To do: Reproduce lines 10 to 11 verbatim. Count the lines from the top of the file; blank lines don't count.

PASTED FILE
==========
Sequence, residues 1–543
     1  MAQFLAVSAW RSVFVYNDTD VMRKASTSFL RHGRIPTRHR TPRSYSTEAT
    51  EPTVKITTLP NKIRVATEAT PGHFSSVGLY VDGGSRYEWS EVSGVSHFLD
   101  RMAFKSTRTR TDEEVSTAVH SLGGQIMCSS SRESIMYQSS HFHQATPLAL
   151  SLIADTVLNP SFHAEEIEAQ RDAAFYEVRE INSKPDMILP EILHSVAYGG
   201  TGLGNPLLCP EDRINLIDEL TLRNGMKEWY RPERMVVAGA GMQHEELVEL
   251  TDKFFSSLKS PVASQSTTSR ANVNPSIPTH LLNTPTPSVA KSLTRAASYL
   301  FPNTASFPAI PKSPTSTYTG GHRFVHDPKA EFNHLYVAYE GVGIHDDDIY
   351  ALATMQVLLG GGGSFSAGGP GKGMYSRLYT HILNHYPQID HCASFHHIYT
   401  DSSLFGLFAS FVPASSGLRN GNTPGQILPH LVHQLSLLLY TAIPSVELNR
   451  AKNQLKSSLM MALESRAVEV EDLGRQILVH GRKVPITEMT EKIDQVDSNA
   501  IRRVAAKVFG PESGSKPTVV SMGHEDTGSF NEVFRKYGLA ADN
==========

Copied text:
   401  DSSLFGLFAS FVPASSGLRN GNTPGQILPH LVHQLSLLLY TAIPSVELNR
   451  AKNQLKSSLM MALESRAVEV EDLGRQILVH GRKVPITEMT EKIDQVDSNA